No veg box yesterday as we haven't finish all the veg from last week! Instead of food I'm thinking about drinks. Today I'm off to a fancy dress party. I'm no wine expert but there's so much choice that surely there's an environmentally friendly option I can find. As well as taste and price there are several key things I look for in a good bottle, but having researched it a little harder some things aren't as simple as I first thought. Over the next two days I'll look at a few of the environmental issues connected to wine.
The first thing I look at is what's in the top of my bottle. In the past 20 years there's been a huge expansion in the number of products used for bottle closure. Before I was born cork was used almost exclusively, and that cork was produced just as exclusively from countries on the Mediterranean, mostly Spain and Portugal. Nowadays screw caps, plastic corks and glass stoppers are easy to find on the shelves so is one better than another and why the sudden change?
Cork monopolised the market for centuries but about 20 years ago scientists discovered TCA, a chemical which taints wine and causes it to go off. TCA is estimated to be in 1-10% of corks and currently cannot be identified before the cork is put into the bottle, you only know it's there when the wine goes off. This problem forced producers to start looking for other ways to seal their bottles.
The most common alternatives are plastic corks and screw tops. Screw tops have the added advantage that you can easily reseal the bottle if you only want a glass so is seen as better than cork for reasons other than a lack of TCA. Plastic corks are designed to look, feel and pop like natural corks. I hate plastic corks. Something about the very fake, plastic feel puts me off, especially when it's set against the almost natural feel of the glass wine bottle. I also can't help thinking that making plastic corks isn't the best use of the world's limited oil resources.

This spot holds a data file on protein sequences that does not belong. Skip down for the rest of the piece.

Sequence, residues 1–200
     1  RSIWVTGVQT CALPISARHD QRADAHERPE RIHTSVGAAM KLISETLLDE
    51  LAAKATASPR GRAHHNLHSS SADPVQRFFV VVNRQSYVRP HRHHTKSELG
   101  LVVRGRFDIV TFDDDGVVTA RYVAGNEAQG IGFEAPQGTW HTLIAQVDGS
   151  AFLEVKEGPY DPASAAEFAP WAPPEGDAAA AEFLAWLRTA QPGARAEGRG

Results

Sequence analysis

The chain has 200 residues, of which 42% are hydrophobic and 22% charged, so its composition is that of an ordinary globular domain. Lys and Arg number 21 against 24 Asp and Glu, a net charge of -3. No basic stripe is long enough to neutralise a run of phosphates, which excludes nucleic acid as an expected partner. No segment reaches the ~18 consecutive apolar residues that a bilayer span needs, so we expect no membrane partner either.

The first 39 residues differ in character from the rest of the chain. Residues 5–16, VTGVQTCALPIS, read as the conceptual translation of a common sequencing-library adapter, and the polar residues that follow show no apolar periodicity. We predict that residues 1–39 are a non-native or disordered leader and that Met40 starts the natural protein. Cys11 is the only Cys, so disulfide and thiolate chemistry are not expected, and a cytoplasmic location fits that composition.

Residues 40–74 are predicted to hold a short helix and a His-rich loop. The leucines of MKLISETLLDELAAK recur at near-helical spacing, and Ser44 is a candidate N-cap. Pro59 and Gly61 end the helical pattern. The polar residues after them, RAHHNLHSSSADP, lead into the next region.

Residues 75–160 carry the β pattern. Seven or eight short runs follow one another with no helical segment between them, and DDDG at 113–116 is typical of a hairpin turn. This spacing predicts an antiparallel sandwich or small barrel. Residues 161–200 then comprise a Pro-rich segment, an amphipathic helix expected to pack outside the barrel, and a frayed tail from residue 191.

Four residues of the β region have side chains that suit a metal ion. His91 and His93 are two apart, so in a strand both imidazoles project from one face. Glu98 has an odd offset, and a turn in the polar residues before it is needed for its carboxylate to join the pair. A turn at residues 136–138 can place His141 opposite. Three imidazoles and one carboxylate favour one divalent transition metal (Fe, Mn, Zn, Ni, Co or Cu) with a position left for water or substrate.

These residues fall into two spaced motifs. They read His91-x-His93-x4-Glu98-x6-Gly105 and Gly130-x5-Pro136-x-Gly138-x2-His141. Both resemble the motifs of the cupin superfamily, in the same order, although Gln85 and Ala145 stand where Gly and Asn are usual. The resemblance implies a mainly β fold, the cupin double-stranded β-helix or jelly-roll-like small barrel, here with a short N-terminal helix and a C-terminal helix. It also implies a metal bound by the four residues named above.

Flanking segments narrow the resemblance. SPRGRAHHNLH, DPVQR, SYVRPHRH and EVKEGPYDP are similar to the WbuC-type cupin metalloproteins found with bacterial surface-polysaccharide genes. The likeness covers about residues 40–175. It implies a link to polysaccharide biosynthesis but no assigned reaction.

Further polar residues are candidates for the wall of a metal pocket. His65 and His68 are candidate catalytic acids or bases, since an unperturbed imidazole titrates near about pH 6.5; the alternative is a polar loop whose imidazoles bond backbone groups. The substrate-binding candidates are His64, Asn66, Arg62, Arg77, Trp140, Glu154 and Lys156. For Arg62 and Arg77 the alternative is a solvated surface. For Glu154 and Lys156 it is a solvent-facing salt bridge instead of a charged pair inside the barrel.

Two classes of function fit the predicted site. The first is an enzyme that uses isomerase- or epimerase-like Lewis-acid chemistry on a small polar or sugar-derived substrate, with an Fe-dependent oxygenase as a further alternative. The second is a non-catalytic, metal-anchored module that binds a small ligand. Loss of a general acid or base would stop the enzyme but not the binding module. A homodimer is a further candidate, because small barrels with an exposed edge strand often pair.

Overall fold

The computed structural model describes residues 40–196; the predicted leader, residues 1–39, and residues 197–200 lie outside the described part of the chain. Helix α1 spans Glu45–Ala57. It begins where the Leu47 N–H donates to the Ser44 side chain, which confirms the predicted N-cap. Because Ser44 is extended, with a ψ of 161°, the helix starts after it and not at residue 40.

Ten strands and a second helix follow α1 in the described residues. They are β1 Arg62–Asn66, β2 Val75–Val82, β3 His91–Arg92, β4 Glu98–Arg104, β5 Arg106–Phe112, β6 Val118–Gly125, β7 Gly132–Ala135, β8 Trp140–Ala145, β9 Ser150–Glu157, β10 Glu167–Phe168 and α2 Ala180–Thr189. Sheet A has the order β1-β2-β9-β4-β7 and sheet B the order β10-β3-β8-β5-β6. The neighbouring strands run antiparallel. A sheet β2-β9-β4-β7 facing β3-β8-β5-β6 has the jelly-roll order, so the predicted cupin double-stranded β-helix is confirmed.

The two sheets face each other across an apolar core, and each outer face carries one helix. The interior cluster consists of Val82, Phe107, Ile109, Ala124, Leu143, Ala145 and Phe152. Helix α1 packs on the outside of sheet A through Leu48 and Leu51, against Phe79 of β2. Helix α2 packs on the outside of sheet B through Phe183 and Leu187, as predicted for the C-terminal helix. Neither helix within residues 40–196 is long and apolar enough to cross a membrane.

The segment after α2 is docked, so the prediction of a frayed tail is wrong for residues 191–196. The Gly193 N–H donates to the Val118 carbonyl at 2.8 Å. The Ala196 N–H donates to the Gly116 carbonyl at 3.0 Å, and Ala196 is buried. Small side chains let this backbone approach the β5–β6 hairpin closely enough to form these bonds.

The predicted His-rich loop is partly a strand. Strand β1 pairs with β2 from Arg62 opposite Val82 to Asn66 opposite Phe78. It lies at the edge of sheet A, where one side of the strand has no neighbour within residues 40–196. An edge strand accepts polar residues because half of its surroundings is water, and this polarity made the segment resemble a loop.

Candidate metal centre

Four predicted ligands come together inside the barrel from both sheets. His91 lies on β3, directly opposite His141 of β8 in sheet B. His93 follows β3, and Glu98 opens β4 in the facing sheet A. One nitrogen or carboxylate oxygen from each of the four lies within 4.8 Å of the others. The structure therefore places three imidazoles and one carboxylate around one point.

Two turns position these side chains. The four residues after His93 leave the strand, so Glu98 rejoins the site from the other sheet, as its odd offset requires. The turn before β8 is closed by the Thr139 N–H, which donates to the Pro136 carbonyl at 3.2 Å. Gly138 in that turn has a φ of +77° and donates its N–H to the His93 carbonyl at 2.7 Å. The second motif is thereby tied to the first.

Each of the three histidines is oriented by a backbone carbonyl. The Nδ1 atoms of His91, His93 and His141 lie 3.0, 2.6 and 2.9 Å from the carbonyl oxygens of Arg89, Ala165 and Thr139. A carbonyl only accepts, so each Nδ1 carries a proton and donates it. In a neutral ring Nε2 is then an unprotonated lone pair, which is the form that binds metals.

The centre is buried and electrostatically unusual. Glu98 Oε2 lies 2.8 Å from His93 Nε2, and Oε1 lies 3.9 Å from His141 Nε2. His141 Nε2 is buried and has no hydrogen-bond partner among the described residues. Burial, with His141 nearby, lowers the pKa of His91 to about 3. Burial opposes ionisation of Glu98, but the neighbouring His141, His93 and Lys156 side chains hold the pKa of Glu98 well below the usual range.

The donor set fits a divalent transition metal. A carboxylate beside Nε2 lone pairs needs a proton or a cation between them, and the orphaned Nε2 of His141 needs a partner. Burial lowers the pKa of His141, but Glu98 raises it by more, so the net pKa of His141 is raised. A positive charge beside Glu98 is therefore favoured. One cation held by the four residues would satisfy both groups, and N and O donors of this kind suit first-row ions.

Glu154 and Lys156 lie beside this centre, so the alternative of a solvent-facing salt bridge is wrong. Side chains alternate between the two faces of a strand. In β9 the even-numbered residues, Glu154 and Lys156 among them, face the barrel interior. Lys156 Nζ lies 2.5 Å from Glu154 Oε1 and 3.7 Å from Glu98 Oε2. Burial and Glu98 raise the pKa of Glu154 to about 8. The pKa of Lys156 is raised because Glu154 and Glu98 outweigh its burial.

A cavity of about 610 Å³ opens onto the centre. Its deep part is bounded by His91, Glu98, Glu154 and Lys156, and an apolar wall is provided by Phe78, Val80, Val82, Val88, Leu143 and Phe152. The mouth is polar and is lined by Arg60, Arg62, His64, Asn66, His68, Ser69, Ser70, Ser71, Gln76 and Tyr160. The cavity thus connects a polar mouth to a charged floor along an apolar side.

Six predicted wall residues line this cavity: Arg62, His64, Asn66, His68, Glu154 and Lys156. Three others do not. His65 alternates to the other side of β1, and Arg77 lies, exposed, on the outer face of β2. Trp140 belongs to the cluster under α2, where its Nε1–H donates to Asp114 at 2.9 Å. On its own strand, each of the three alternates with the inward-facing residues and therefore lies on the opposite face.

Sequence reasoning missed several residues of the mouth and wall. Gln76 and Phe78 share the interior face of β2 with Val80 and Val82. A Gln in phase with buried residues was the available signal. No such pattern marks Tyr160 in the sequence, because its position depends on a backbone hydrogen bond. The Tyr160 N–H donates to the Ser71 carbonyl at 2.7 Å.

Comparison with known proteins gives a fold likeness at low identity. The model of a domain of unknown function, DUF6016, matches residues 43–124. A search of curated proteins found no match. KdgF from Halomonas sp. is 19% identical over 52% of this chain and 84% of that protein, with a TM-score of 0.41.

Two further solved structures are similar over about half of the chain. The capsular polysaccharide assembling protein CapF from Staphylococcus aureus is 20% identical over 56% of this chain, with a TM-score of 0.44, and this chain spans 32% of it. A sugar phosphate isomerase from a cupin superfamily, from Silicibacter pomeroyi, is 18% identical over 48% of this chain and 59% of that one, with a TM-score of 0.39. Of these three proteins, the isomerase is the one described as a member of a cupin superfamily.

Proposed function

So I don't mind screw tops and I hate plastic, but is there any environmental reason for picking one type
over another. Other than the fact that cork is renewable while metal screw tops and plastic corks aren't there's also another benefit of using cork. The cork oak forests in Spain and Portugal are facing serious danger since the cork percentage of the closure market dropped. The cork oaks of southern Spain are rich in insects, birds, mammals and plants as the production of cork is naturally kind to the surrounding environment. Cork is the stripped bark from the oak trees and this must be done carefully to preserve the trees health. This means that the trees are left safe for wildlife to use while cork can be harvested for decades without ill effects. With a drop in cork demand these ancient forests might be lost forever if the land use is forced to change and with it we could lose the Iberian Lynx, the Iberian Imperial Eagle and the Barbary Deer.
Having seen this beautiful, rare environment in the past I know it's worth protecting so I'm going to try and buy cork wine whenever I can. But is it environmentally friendly to ship cork out to countries that don't produce it themselves, or is it better for Chilean and Australian wines to use screw tops? More on this tomorrow.
|Spanish cork oaks. The dark lower trunk had already had it's cork stripped.|